Why you should care
Because this is a mission to make sure a 10 billion-strong globe has enough food on its plate.
“I’m Swamp Girl,” says Indrastuti Rumanti, a bubbly scientist with the Indonesian Center for Rice Research. She’s just ducked out of a lengthy meeting with her fellow rice-heads here in Bogor, but the conference room is not Rumanti’s preferred habitat: She’d rather be mucking about in experimental rice paddies. “Farmers in those areas are more traditional, still very pure and have a big dedication to their land,” she says. “I would like to help them.” Her other goal? Feeding Asia.
How those small farmers harvest their swamps will have a global ripple effect. Rumanti and other scientists are at the forefront of a new revolution in rice, developing breeds designed to feed an ever-hungrier population that’s expected to hit 10 billion by 2060. They are the intellectual heirs of scientists in the first Green Revolution, which began in the 1960s and relied on fertilizers, pesticides and high-yield varieties to triple yields in Asia, outpacing the continent’s population growth. In recent years, though, those gains have stalled, and the current crop of rice researchers is fighting a new enemy: climate change. The warming planet brings not just heat and drought, but also floods, salinity, disease and toxic soils. The weapon of choice in Green Revolution 2.0? Gene splicing and selective breeding.
Rumanti and other scientists breed better rice plants, generation by generation.
Rice is the most important staple on the planet, providing more calories than any other food, including wheat, sugar and corn. And nowhere is rice more crucial to the human diet than in Asia, where 520 million people get more than half their daily calories from the grain. It’s not a lucrative crop, though, like biofuel-friendly corn or sugar cane, so corporations don’t plow big money into research. The renowned International Rice Research Institute (IRRI) in the Philippines — crucible of the Green Revolution — was established as a nonprofit in 1960s by the Ford and Rockefeller Foundations. These days it’s funded primarily by national governments as well as philanthropic organizations like the Bill & Melinda Gates Foundation. IRRI’s director general, Matthew Morell, is at work on a dizzying array of projects to study the impacts of rice while developing new technologies.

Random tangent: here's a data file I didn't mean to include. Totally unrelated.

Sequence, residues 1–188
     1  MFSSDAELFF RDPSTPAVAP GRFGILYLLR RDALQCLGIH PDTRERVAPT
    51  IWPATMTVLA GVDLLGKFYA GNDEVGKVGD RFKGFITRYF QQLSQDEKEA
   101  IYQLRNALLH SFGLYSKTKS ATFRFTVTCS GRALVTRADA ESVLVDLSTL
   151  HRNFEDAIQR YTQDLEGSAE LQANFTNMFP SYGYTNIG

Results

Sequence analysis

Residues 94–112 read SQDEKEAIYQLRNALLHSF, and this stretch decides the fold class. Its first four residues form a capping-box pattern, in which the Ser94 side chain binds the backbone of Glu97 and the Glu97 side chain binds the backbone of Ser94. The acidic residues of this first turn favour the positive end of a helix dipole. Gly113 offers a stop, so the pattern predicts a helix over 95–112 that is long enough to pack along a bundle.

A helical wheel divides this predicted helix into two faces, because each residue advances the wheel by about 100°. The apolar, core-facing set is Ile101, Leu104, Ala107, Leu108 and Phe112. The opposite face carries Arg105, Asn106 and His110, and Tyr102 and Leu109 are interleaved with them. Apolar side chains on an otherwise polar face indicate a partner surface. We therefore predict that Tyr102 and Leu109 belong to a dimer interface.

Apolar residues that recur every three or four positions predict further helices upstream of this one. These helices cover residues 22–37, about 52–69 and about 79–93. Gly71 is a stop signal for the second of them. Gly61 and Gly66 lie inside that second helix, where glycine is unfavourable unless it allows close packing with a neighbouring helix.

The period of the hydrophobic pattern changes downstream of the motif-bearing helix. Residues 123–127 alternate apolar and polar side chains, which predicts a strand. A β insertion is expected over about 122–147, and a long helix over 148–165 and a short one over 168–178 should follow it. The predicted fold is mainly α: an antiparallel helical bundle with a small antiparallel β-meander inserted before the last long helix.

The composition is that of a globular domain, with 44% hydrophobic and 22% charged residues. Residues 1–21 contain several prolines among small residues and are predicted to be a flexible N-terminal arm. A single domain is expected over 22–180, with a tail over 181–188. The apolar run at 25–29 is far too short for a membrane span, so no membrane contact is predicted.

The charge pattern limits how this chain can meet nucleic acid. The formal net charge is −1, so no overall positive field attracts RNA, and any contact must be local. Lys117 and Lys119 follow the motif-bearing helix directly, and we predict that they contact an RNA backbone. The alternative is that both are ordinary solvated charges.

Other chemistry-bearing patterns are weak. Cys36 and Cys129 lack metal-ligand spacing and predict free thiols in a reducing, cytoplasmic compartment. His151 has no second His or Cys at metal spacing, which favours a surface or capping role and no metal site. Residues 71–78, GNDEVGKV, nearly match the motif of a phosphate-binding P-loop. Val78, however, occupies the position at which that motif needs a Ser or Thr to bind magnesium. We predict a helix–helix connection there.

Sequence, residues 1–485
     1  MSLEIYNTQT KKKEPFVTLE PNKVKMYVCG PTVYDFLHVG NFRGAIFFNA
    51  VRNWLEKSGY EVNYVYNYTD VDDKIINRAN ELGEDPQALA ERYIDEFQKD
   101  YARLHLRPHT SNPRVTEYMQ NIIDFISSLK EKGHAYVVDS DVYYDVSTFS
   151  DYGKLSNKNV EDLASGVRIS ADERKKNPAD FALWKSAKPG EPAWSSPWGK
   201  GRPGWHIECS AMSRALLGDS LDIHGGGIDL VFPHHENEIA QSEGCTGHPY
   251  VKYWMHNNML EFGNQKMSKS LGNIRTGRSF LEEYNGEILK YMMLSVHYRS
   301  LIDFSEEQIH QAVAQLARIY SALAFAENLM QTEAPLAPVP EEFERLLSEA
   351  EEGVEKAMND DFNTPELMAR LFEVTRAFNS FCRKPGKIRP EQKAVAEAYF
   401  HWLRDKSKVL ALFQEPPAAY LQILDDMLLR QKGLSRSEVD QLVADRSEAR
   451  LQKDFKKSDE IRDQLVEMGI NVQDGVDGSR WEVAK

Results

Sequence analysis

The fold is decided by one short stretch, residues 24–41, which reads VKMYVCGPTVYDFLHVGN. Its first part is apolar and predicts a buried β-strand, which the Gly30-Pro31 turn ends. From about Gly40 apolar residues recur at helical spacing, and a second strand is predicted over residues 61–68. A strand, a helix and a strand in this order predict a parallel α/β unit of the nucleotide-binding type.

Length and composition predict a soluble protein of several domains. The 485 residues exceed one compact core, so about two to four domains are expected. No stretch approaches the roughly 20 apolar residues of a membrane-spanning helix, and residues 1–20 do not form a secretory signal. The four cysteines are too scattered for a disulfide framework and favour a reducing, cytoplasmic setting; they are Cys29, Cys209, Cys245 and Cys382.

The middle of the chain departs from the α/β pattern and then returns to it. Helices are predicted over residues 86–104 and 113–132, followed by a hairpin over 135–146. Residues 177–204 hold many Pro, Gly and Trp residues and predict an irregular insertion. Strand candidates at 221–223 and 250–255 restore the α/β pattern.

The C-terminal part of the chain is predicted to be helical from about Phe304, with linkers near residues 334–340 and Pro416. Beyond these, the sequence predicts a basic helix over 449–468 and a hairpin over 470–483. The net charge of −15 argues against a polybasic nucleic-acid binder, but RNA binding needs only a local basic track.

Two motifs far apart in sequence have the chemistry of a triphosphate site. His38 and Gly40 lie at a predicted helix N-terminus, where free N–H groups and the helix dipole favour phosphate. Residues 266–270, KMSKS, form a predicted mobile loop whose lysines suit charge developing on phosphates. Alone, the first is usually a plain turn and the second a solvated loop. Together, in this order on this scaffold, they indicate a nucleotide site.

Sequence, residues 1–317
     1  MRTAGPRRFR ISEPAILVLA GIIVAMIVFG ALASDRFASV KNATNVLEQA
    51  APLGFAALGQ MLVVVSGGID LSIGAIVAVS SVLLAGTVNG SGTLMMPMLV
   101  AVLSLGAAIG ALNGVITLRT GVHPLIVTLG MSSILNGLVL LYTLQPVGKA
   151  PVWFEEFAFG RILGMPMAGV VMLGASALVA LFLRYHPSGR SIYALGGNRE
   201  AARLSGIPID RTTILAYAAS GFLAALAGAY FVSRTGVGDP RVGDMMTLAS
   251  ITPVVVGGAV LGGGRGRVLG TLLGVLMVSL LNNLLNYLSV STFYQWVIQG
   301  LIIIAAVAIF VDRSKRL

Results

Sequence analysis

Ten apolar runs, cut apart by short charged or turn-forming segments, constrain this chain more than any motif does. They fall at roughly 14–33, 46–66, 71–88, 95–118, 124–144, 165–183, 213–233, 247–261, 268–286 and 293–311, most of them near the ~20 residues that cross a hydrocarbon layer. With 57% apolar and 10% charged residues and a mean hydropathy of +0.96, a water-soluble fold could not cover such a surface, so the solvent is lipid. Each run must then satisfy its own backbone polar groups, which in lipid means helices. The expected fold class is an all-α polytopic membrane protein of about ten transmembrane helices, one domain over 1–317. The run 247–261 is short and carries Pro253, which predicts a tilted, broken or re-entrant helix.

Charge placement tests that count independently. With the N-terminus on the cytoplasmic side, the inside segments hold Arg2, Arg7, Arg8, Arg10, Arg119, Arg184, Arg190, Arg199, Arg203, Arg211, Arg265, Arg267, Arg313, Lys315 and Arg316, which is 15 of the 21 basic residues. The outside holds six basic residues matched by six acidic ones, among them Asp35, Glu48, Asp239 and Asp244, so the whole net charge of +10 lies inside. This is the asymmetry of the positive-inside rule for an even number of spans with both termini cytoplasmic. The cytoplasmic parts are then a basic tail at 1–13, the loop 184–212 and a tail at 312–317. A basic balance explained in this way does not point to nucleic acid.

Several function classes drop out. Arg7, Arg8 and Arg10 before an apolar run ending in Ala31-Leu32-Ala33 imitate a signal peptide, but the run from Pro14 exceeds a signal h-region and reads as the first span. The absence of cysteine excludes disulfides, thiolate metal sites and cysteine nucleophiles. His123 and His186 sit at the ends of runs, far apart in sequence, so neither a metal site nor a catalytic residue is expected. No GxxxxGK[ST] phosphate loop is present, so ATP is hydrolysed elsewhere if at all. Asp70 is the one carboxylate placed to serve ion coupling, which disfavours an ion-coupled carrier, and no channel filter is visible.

Take Bangladesh, for example, the rice-reliant nation of 156 million on the northeastern shoulder of India. Every year cyclones sweep across the Bay of Bengal and poison the country’s low-lying rice fields with intruding saltwater. Sea levels elevated by global warming are making the problem worse, so the IRRI is hard at work trying to develop a rice strain that can withstand increased salinity. Elsewhere, researchers are encouraging Indonesian palm oil farmers to plant rice alongside their trees for the first three years until the shade kills off the cereal understory. In Africa, the IRRI has introduced 15 hybrid strains of rice that are specially designed to withstand the withering heat of Kenya and Tanzania.
Morell is quick to note that the IRRI’s innovations come from traditional crossbreeding, not genetic modification. Genetically modified organisms, or GMOs, have been around since the 1990s and are planted on 11 percent of the globe’s croplands, including half of America’s. Nevertheless, concerns over their safety and environmental impact have blocked their use in Europe and Africa. Instead, Rumanti and other scientists breed better rice plants, generation by generation. “We’re looking for natural variation, which gives resistance or tolerance to high levels of salinity,” Morell says, “but also looking at ways we can combine salinity tolerance with drought tolerance, with flood tolerance, with disease tolerance.”
Some experts claim that biotech is not needed to win the race between food production and population growth. Jonathan Foley, executive director of the California Academy of Scientists and a global ecologist, notes that humans consume only 35 out of every 100 calories we grow. The rest is wasted, lost to spoilage or goes to biofuels and animals. Reducing inefficiencies in the food supply chain may not be a “sexy” solution, as he calls it, but it might be enough to stave off hunger. “We don’t need GMOs or a lot of fancy tech” to feed the world, Foley maintains. “That’s just misdirection. We already grow enough food to feed nine or 10 billion people.”
In fact, for many developing nations, the problem is not a lack of calories — it’s the kind of calories that are being consumed. According to UNICEF, nearly a quarter of the world’s children under the age of 5 have stunted growth due to poor diets. Here, rice actually can be a culprit, with white rice targeted as a potential cause of diabetes. Papua New Guinea and other developing nations increasingly fortify rice with vitamins and minerals to address the malnutrition issue.
As climate scientists and world leaders work on reducing heat-trapping carbon emissions, Rumanti and her fellow travelers in the rice-improvement movement keep their hands in the earth and their feet in the swamps, fine-tuning a humble but vital grain. “We can’t control the climate,” Rumanti says. “We can’t control the soil condition. We just try to deal with them.”